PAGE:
Skip to comments.Your Unsocialized Hound Is Not A Service Dog!
Posted on 10/12/2015 7:54:23 PM PDT by nickcarraway
Ah, the fake service dog. Like out-of-sync traffic lights and above-ground power lines, theyre one of those things that make my normally mild British temperament fall by the wayside.
Allow me to rephrase that - its not the dogs that make my blood boil, but rather their owners. Who are these people? Youve probably seen them. For me, the most recent was a lady in the grocery store with a teacup poodle in a Coach purse. Before that, there was the guy in the health food store pushing a Yorkshire terrier in a stroller. A few years ago it was a rather surly gentleman on a bus in Philadelphia. His service dog kept trying to attack an elderly passengers footed cane. And remember my friend Sue from last weeks column? Yeah, her actual service dog was recently attacked in public by a Corgi wearing a homemade service dog vest.
For the past five or so years, there has been a marked increase in incidents of pet owners who attempt to pass off their unsocialized pets as emotional support animals. Add to that the growing number of handlers who attempt to pass off their emotional support animals as service dogs, and you have the makings of a perfect storm that makes life more difficult for a demographic that already faces considerable challenges: the disabled. If you think Im exaggerating for effect, think again. Airline complaints against ESAs and their handlers have risen steeply, causing many to demand a crackdown. As a response to this very issue, a recent law was passed banning so called service dogs from riding in shopping carts. Another new law makes misrepresenting a pet as a service dog a second-degree misdemeanor.
In all of the events I have personally witnessed, the humans handling these canine culprits shamelessly bullied service providers who were unaware of their rights. They blindsided these hard-working individuals by brandishing letters, threatening lawsuits, and throwing the kinds of public temper tantrums that would put a toddler to shame.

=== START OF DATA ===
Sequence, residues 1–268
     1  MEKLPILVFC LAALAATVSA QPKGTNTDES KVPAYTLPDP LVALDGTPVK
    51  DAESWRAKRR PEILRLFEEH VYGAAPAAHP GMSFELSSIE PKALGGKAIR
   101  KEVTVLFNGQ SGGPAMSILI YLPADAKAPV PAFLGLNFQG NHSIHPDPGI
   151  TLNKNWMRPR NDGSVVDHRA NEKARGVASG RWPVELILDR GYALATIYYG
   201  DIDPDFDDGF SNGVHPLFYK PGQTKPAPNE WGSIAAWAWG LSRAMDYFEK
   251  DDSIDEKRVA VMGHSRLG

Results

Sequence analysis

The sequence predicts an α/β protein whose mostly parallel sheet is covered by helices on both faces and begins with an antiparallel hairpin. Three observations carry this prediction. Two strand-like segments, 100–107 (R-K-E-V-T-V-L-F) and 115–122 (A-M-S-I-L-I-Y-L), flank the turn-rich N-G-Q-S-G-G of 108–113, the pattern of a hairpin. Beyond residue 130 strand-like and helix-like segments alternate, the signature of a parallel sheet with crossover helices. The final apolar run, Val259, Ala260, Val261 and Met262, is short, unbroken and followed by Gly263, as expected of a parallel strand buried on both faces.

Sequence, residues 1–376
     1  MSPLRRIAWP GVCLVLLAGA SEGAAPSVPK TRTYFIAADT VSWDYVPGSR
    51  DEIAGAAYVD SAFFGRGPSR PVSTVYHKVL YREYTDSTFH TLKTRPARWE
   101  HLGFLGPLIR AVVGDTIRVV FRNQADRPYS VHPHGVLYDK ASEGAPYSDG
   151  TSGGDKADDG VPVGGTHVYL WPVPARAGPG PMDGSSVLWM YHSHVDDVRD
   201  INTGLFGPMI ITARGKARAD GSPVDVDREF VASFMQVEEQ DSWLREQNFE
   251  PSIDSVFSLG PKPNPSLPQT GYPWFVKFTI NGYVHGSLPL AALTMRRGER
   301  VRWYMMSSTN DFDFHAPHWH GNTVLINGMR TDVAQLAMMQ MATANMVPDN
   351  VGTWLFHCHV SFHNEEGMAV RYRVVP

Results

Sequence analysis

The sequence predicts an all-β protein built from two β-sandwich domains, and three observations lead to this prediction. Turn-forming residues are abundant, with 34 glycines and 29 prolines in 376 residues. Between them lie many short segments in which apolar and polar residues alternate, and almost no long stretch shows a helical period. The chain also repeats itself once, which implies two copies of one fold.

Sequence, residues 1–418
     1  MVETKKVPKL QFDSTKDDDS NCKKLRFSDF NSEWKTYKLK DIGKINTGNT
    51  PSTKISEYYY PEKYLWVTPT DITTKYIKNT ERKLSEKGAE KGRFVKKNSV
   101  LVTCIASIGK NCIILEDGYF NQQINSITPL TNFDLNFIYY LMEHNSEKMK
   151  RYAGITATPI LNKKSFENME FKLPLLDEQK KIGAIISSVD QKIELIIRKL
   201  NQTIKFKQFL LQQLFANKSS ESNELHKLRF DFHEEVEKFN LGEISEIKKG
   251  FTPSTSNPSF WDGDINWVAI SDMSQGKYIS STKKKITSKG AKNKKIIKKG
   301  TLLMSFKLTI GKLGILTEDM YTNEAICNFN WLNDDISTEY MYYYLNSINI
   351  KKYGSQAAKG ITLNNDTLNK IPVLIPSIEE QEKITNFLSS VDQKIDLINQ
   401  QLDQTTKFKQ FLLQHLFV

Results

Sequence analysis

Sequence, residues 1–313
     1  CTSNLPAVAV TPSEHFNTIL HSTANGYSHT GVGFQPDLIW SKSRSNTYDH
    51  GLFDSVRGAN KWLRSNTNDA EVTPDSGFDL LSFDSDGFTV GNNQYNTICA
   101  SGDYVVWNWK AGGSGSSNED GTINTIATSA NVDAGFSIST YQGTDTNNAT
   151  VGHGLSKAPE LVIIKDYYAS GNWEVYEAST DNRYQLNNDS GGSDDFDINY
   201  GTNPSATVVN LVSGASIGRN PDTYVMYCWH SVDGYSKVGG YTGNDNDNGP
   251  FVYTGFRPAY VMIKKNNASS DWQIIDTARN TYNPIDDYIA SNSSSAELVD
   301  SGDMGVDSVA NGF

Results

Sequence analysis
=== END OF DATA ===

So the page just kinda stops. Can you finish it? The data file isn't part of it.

If you are one of these people, I am calling you out. If you would like to leave nasty comments, send me indignant emails, or blow up my social media accounts, be my guest. The traction is awesome and brings lots of hits to my website. I probably wont bother to respond to you because I dont have time to be bothered with entitled jerks - and that, my dear imposter, is exactly what you are. If on the other hand, youre one the many beleaguered employees that has had to deal with said jerks, then listen up.
An emotional support animal is NOT, repeat NOT a service animal. They are not the same thing. ESAs are NOT working animals. They are pets. For a refresher course on the differences click here.
A service dog has the right to accompany a handler wherever the general public is allowed. ESAs are pets. If pets are not allowed, then neither are ESAs. Period! Exceptions are made in matters of housing and air travel, but thats it.
Emotional support animals are not required to go through any special training - and oftentimes, to be perfectly honest, it shows. If a so-called service dog is barking, sniffing, exploring, socializing, growling, lunging, freaking out at the sight of an old ladys cane,or doing anything other than focusing exclusively on its handler, it is probably not a service dog.
If the animal is not a service animal, it is not entitled to be there. You can ask them to leave, and you should. This is not just a matter of principle. Its a matter of complying with the rules and laws that may govern your place of business. Do you really want to be saddled with health code violations and the fines that accompany them because a hyper-attached pet owner just had to bring Fluffy to brunch? No pets allowed means just that. Even legitimate emotional support animals are still pets. You have every right to ask their handlers to leave, even if they get nasty.
If youre reading this article and wondering what kind of person would risk jail time and fines for the privilege of schlepping their pets around, youre not alone. As long as theyre promised anonymity, fakers are very frank about their motivations. They often cite reasons such as not wanting to leave their pets home alone, not wanting to hire dog walkers, not wanting to crate-train, separation anxiety (presumably the pets!), convenience, not wanting to pay a fee to fly with their pet, or my personal favorite, This country is so backwards. In Europe, you can bring a dog anywher.! Im European and guess what? When my wife and I go out to brunch, we leave our dogs at home. Heres why:
Its. The. Law.